The One Case Where Comic Sans Is Actually Useful

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iStock

Poking fun at Comic Sans in 2017 doesn’t show much originality. Over its 20-year history, the font has been the punchline of a practical joke, the target of a violent video game, and the subject of a campaign calling for its eradication. But a recent essay published by The Establishment argues there’s more to the typeface than its goofy appearance suggests. Comic Sans is actually one of the easiest fonts for dyslexic readers to decipher, thanks in large part to many of the same reasons it’s mocked by designers.

Dyslexia makes it hard for people with the disorder to interpret the text in front of them. Telling certain letters apart can be a challenge, especially when a typeface recycles the same handful of shapes over and over again. Comic Sans is notorious for its inconsistent form, and that’s why it’s a favorite among dyslexic readers. Describing the experience of her dyslexic sister, Lauren Hudgins writes for The Establishment:

The irregular shapes of the letters in Comic Sans allow her to focus on the individual parts of words. While many fonts use repeated shapes to create different letters, such as a p rotated to made a q, Comic Sans uses few repeated shapes, creating distinct letters.

The Dyslexia Association of Ireland and the British Dyslexia Association both endorse the font for its readability. Other less derided fonts recommended by the British Dyslexia Association include Arial, Veranda, Tahoma, Century Gothic, Calibri, and Trebuchet. One font you definitely won’t see praised in dyslexic communities is Times New Roman. The abundance of serifs marking the characters make the font, in Hudgins’s words, "truly villainous."

[h/t Science of Us]

How Coronavirus and 31 Other Infectious Diseases and Viruses Got Their Names

Rotavirus—from the Latin rota, for "wheel"—is named for the wheel-like appearance of its particles.
Rotavirus—from the Latin rota, for "wheel"—is named for the wheel-like appearance of its particles.
Dr_Microbe/iStock via Getty Images

As you may already know, the corona in coronavirus has no relation to a certain refreshing beer often served with a slice of lime. Corōna means “crown” in Latin—and Spanish and Italian, too—and virologists chose it in 1968 to describe the group of viruses characterized by crown-like spikes that protrude from their surfaces.

So how do other viruses and diseases get their names? Based on the infographic below, created by Adam Aleksic for his website, The Etymology Nerd, there isn’t just one way. Some, like the coronavirus, are named for how they look under a microscope. The rota in rotavirus, for example, which means “wheel” in Latin, reflects the virus’s wheel-like appearance when viewed beneath an electron microscope.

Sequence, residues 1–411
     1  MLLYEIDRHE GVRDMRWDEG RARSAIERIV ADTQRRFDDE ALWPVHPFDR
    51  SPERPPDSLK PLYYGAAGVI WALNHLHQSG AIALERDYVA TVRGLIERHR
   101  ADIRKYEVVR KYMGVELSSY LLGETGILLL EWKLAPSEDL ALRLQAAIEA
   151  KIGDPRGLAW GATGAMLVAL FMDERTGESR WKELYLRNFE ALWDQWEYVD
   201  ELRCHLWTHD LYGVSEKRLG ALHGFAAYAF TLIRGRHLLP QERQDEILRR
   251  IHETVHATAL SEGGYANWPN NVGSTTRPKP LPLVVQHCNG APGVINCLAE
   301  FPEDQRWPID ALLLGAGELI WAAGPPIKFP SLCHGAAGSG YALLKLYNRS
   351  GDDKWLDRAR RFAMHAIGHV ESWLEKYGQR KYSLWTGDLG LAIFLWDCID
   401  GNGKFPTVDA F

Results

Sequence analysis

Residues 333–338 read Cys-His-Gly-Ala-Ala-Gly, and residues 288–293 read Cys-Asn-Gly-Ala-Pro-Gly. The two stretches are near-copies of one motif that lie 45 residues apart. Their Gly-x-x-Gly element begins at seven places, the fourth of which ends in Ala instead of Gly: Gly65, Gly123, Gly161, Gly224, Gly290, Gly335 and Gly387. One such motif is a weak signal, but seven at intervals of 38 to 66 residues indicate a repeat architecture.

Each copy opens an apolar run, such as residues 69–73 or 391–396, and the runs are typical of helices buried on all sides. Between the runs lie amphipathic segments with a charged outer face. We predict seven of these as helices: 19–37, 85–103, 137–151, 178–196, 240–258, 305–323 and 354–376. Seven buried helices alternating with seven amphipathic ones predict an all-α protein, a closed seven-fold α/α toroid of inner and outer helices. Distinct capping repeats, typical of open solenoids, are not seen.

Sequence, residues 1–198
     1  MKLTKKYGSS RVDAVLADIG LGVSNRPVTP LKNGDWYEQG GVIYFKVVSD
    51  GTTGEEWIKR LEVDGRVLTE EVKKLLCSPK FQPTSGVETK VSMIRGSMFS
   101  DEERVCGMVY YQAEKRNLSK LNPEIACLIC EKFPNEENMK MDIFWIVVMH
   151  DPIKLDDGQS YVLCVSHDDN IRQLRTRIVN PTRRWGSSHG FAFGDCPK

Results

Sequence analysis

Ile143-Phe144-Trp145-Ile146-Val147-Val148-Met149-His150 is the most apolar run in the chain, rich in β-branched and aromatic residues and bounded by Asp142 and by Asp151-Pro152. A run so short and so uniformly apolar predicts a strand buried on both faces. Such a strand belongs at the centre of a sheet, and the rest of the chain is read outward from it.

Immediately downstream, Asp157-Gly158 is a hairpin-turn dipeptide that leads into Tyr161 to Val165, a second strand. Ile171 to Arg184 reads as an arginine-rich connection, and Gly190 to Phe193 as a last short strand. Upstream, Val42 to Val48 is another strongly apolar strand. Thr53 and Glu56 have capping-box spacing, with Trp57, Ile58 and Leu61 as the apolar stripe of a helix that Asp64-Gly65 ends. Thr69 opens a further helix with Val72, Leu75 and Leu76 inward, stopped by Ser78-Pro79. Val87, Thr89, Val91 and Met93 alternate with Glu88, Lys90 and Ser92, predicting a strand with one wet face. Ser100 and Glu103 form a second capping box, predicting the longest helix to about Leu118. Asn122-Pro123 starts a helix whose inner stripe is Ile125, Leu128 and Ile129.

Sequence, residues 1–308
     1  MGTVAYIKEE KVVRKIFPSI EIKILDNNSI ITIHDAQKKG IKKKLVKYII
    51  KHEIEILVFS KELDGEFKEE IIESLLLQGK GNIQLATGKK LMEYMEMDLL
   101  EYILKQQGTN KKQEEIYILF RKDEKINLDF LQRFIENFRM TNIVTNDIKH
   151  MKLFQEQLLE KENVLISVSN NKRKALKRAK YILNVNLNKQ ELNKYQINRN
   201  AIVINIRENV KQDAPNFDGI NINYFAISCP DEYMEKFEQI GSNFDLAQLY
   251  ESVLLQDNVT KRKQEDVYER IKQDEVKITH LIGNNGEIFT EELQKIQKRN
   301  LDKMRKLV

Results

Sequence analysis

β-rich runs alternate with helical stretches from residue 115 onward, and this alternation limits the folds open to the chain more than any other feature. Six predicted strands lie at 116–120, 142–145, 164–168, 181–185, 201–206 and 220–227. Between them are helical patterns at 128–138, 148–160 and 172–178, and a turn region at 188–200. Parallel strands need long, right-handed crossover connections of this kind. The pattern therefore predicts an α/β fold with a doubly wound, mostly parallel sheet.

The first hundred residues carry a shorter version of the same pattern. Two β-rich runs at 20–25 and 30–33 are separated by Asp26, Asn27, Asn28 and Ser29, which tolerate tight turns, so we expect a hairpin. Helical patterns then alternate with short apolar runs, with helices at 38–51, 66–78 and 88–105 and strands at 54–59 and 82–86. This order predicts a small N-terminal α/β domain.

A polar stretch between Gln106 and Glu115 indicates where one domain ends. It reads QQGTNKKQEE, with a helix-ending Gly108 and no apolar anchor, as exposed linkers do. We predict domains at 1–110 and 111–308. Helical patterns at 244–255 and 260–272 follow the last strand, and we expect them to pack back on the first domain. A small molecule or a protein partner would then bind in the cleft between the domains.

Others are named after the locations where they were discovered or studied. In 1947, scientists named a newly identified mosquito-borne virus after Uganda’s Zika Forest. In 1977, Yale researchers investigating a string of pediatric arthritis cases in the town of Lyme, Connecticut, started referring to the illness as “Lyme arthritis.” Later, the name was modified to “Lyme disease” when scientists realized patients were exhibiting other symptoms, too.

Still others are characterized by the symptoms they cause. People with tetanus—from the Greek tetanos, for “tension”—usually experience muscle stiffness, and the skin of yellow fever sufferers often takes on a yellow tint due to jaundice.

Find out the origins of malaria, measles, and more below. And follow The Etymology Nerd on Instagram for more fascinating etymological explanations.

etymology nerd infectious disease names infographic
Unsurprisingly, there's a lot of Latin in this infographic.

What Makes a Hotel Breakfast 'Continental'?

Hotels often offer a complimentary pastry and fruit breakfast.
Hotels often offer a complimentary pastry and fruit breakfast.
tashka2000/iStock via Getty Images

The continental breakfast, which is typically made up of pastries, fruit, and coffee, is often advertised by hotels as a free perk for guests. But why is it called continental, and why don’t patrons get some eggs and bacon along with it?

The term dates back to 19th century Britain, where residents referred to mainland Europe as “the continent.” Breakfast in this region was usually something light, whereas an English or American breakfast incorporated meat, beans, and other “heavy” menu options.

American hotels that wanted to appeal to European travelers began advertising “continental breakfasts” as a kind of flashing neon sign to indicate guests wouldn’t be limited to American breakfast fare that they found unappealing. The strategy was ideal for hotels, which saved money by offering some muffins, fruit, and coffee and calling it a day.

That affordability as well as convenience—pastries and fruit are shelf-stable, requiring no heat or refrigeration to maintain food safety—is a big reason continental breakfasts have endured. It’s also a carryover from the hybrid model of hotel pricing, where American hotels typically folded the cost of meals into one bill and European hotels billed for food separately. By offering a continental breakfast, guests got the best of both worlds. And while Americans were initially aghast at the lack of sausages and pancakes on offer, they’ve since come around to the appeal of a muffin and some orange juice to get their travel day started.

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